Wisconsin Health Insurance for Public Retirees Needs Reform
November 19, 2014
Wisconsin's pension system is in better shape than in most states, and, in fact, its disability and life insurance programs for retirees are more than fully funded. In a new report from the National Center for Policy Analysis and the MacIver Institute, Cato Institute Senior Fellow Jagadeesh Gokhale explains why Wisconsin's pension system is stronger than most and how the state could make further improvements.
Wisconsin's pension system includes the following features:
- It does not guarantee annual retirement benefit increases or cost of living adjustments.
- Employees have a choice of investment funds to which to contribute.
- It provides for a benefit floor, meaning that retiree benefits are protected to a certain degree, even if the market tanks.
- It makes annual adjustments to benefits above that floor according to investment performance. Benefits increase if a fund's assets exceed the assumed benefit discount rate.
Since the year 2000, Wisconsin's retirement system -- which covers all public employees -- has had a funding ratio of almost 100 percent.
However, Wisconsin's post-employment health benefit program -- which provides health coverage for pre-Medicare retirees -- is unfunded and in need of reform. He offers two main principles that should guide Wisconsin policymakers:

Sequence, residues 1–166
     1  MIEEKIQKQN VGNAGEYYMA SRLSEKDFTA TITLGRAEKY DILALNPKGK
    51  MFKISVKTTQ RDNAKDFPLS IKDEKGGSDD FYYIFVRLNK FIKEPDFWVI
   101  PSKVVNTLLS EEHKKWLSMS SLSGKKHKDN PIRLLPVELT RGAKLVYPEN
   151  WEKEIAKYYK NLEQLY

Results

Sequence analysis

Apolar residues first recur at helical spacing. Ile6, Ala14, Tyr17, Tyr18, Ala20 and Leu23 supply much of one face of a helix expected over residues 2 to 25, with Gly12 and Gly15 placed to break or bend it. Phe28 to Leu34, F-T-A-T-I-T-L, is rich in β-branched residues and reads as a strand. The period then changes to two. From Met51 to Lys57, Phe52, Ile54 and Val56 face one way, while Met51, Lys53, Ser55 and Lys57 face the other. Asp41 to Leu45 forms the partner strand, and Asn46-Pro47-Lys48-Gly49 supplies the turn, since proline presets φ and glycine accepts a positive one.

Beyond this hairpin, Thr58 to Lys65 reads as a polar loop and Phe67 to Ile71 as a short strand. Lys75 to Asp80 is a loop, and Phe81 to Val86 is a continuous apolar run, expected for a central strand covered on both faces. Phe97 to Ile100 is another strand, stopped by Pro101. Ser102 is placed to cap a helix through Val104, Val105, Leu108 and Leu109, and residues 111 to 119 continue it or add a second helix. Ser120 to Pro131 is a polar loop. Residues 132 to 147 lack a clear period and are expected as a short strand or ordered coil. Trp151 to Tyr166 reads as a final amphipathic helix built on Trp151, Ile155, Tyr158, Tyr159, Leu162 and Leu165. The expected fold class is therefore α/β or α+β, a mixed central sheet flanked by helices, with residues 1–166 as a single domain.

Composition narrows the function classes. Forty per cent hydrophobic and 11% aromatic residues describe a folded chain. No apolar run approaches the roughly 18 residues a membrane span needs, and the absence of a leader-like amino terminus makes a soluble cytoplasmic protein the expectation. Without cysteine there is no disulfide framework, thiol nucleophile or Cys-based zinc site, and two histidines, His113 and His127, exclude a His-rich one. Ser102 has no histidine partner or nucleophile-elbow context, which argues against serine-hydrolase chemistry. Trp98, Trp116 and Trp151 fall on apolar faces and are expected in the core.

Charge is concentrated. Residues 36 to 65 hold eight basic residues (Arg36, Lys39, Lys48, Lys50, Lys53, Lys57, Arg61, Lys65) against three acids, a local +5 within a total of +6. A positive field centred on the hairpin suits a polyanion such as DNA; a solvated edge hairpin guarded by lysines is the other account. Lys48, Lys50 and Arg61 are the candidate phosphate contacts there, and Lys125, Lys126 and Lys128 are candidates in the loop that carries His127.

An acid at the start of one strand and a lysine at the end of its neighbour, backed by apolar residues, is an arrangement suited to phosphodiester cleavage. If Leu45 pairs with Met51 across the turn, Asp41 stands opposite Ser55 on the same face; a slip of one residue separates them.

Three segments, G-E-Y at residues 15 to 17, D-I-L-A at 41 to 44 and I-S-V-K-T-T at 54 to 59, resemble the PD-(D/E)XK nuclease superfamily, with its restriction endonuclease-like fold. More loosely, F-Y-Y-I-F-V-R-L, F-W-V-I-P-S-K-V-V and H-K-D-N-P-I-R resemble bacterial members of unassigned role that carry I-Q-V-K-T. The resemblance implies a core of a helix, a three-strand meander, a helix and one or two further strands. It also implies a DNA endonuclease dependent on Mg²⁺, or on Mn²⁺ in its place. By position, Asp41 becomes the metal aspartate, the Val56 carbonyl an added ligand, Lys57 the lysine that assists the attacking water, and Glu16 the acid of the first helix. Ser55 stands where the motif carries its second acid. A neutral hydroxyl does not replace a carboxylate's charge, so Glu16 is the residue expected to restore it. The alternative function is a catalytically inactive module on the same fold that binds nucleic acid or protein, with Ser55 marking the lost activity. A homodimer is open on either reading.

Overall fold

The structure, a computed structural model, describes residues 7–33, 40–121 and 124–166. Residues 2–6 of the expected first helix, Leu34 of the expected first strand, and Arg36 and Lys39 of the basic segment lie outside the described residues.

- Beneficiaries should pay more for the benefits that they are receiving, and higher premiums and copayments could bring out-of-pocket spending more in line with health care utilization.
- Lawmakers should close the current health program for employees below the age of 45 and any future employees, who could be offered a new plan that is prefunded. This would limit the growth of unfunded obligations. This could be done by introducing health savings accounts for future employees.
Without reform, the burden on taxpayers to fund these health benefits will only grow, says Gokhale.
Source: Jagadeesh Gokhale, "The Momentum of Pension Reform in Wisconsin Must Be Extended to Health Insurance for Public Employees and Retirees," National Center for Policy Analysis and the MacIver Institute, November 19, 2014.
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